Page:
December 4. Three old Ask Reddit threads on the same subject. This fascinates me because I have low intuitive intelligence and I'm envious.
Have you ever had a gut feeling that something was bad so you left, only to find out that something bad actually did happen?
Have you ever had a "something isn't right" feeling, and you were right?
What's the craziest gut feeling you have ever had that actually became true?
December 8. When I was in high school and college, back in the 1980's, I don't think I even once heard the words "social anxiety". I mean it existed, but it wasn't enough of a problem that ordinary people gave it a name. Now it's everywhere, and I don't think it's limited to the millennial generation, because I've got it too, and worse than when I was younger. So where does it come from?
Yesterday, cog-boosted by cannabis, I wrote this: "Does the internet cause anxiety by normalizing a socially easier simworld?" In more words: The internet is an unprecedented global artificial world (I call it Internesia) in which social behavior has looser rules and less serious consequences than the world of modern society. If you're at a job interview, or at a party, or even just going to the store, the rules are tighter and the stakes are higher than when you're goofing off anonymously in some comment thread.
So what happens to someone who spends more time on the internet than out in society? The easier world becomes the new baseline, and what used to be the normal world now feels difficult and frightening. As the social internet grows, this happens to more and more people.
December 11. Continuing on the subject of antisocial media, we're all in a war for attention, and the deep ancestral context is that we're sitting around a campfire with friends and family, and the attention you get from other people is what makes you feel valuable and real.
The digital campfire seems much improved. You can share more exciting stuff, faster, to more people, anywhere. But this bandwidth is bottlenecked by the same human biology. The dizzying spectacle becomes the new baseline, and we're no happier. The medium is infested with parasitic robots, so less human attention gets through to actual humans, who have some sense of the quantity of attention they're getting, but no sense of the quality.
Even if you get face to face with people, you're competing with their phones -- and they're competing with yours -- because what's on the phone really is more interesting.
I'm not sure how we'll get out of this trap as a society, but as an individual, you get out of it through a commitment to going into boredom and out the other side. I just read this in an email: "It's crazy that when I am not on my computer, I find myself doing creative projects out of boredom. I think that's how it is supposed to work!"
And another line from my weed journal: "When you burn out looking for beauty in beautiful things, look for beauty in ugly things."
December 22. A link from the subreddit, If work dominated your every moment would life be worth living? The author argues that total work, a dystopian thought experiment, "is unmistakably close to our own world." We're always doing stuff because it's useful or productive, even play becomes a task, and "there is concomitantly the looming question: Is this the best use of my time?"
I think the author himself is caught in this trap, because his description of the world inside the trap is detailed and spot-on, while his description of the world outside the trap, in the final paragraph, is insipid and unhelpful, as if he's never been there and doesn't know the way. To be fair, it's the hardest problem in modern life. Obviously it starts with letting go of expectations and just doing what feels good in the moment. But that path is also full of traps, and technology keeps creating more of them.
This subject reminds me of a saying from Buddhism: "It takes 20 years to become enlightened -- or if you really push it, 30 years."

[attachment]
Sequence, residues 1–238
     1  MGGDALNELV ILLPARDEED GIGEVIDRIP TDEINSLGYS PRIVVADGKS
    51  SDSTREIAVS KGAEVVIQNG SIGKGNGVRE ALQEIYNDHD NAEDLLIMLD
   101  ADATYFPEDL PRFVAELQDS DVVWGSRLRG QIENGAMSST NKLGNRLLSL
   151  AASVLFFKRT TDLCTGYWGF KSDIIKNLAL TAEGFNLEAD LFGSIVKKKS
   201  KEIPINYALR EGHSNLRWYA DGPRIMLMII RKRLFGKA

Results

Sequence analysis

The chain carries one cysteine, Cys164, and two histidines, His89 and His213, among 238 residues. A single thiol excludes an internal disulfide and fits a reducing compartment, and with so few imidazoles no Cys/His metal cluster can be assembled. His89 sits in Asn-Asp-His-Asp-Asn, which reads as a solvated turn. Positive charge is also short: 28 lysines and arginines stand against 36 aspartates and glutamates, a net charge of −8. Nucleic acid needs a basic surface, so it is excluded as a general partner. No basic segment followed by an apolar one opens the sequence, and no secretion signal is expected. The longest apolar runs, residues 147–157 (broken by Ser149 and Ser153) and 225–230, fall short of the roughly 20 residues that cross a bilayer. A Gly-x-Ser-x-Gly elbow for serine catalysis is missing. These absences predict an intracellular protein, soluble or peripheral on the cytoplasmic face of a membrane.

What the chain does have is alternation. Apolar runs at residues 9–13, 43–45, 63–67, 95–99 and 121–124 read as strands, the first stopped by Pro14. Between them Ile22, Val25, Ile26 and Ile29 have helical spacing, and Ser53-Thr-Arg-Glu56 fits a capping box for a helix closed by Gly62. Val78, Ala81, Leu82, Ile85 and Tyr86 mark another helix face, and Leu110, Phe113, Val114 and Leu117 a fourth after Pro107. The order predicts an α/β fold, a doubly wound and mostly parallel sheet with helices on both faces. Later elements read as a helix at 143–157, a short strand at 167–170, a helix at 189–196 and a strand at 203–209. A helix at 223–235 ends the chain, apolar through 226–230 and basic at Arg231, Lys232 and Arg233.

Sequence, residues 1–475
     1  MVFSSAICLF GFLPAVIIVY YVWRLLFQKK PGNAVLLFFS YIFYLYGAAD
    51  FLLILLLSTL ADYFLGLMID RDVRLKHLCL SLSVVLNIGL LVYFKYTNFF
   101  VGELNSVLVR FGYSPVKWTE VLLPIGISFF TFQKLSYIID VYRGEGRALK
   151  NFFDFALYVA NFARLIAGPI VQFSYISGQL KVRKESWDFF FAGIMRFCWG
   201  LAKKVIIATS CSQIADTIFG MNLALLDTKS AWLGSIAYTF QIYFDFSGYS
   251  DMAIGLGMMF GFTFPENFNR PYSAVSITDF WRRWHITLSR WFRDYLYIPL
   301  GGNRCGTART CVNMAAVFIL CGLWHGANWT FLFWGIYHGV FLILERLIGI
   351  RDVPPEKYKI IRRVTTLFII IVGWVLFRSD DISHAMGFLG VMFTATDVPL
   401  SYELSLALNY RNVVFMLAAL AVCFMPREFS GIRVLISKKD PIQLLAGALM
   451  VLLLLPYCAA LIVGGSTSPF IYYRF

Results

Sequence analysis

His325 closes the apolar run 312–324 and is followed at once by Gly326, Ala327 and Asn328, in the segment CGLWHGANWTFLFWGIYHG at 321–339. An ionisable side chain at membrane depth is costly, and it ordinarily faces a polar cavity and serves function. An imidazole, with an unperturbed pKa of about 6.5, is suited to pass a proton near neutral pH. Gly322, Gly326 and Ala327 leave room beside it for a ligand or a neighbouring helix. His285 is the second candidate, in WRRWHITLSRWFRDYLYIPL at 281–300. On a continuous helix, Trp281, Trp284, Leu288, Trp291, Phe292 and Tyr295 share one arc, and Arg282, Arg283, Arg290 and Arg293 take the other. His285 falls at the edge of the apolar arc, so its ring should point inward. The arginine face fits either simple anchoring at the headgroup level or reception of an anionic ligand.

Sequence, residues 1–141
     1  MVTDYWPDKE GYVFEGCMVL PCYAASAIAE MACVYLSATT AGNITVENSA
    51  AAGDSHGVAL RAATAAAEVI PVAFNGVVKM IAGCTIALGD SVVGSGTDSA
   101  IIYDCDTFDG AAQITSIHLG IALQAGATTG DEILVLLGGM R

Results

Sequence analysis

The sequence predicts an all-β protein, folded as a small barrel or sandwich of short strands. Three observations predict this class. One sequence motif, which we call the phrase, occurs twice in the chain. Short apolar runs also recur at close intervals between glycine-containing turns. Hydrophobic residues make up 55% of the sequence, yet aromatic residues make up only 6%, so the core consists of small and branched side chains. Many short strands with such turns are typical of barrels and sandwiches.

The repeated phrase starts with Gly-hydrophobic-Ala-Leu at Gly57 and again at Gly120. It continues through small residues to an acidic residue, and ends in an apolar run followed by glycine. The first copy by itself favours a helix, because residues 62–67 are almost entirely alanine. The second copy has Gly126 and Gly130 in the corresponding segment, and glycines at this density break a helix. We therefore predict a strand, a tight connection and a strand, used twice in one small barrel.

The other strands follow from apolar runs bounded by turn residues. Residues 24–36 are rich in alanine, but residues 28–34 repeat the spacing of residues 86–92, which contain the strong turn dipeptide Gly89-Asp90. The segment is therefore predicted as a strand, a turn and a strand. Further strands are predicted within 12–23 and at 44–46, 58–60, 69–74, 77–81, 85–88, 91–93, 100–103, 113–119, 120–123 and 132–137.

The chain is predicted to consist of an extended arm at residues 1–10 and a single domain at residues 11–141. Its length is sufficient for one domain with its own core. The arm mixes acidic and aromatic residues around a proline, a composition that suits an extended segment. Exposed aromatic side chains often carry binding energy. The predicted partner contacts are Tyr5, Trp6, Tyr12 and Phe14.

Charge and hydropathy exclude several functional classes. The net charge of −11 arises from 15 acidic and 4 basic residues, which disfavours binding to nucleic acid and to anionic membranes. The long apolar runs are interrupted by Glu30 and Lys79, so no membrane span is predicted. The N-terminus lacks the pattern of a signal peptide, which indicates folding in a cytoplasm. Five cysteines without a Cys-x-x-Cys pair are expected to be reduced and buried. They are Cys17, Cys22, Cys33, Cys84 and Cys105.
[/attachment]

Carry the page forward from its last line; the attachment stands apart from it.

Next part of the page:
January 1, 2018. Instead of new year's resolutions, I call them "points of emphasis" because that way no amount of failure is discouraging. Last night I decided on three: 1) to notice unnecessary muscle tension and relax it; 2) to put more attention on my gut; 3) to make a mental note of where I put something down that I'll need to find later.
These are all about metacognition, about building an internal perspective that can manage where my attention is and what it's doing. Last night, walking around (on drugs) I was thinking: with enough metacognitive stamina, I could do fun experiments, like walk for ten minutes with attention on footsoles and peripheral vision, or sit by the stream and focus on that sound and the moon. Meditation books are all about focusing on the breath, but that's like a safety net, or a ladder, to get to focusing on things that are more interesting.
January 5. I just read this in Alasdair Gray's novel Lanark:
God, you see, is a word. It is the word for everything not speaking when someone says 'I think.' And by Propper's Law of Inverse Exclusion (which enables a flea in a matchbox to declare itself jailor of the universe) every single 'I think' has intimate knowledge of the surface of what it is not. But as every thinker reflects a different surface of what he isn't, and as God is our word for the whole, it follows that all agreement about God is based on misunderstanding.
January 8. Losing Faith in the State, Some Mexican Towns Quietly Break Away. You might guess this is a good thing, but if you read the article, these independent city-states are mostly terrible places to live, and they're all unstable.
The Hacker News comment thread links to this smart article, The Twin Insurgency, which argues that states are threatened from below by crime gangs, and from above by the global elite. The most interesting idea is that hardly anyone is trying to change the world by taking over the government. Instead, everyone is trying to carve out zones where they get the benefits of the state without the costs.
Lately I've been watching lots of nature documentaries, so now I'm seeing all the old institutions as giant dead animals on which predators and scavengers gather to feast. I don't see how this is not going to get worse. And I find that I've lost the urge to tell a compelling story: to blame it all on one thing, or to offer a solution. I used to see human society as a sandbox, where it makes sense to talk about what we can do to change it. Now I see it as a landslide, an unfolding disaster where we're only trying to survive.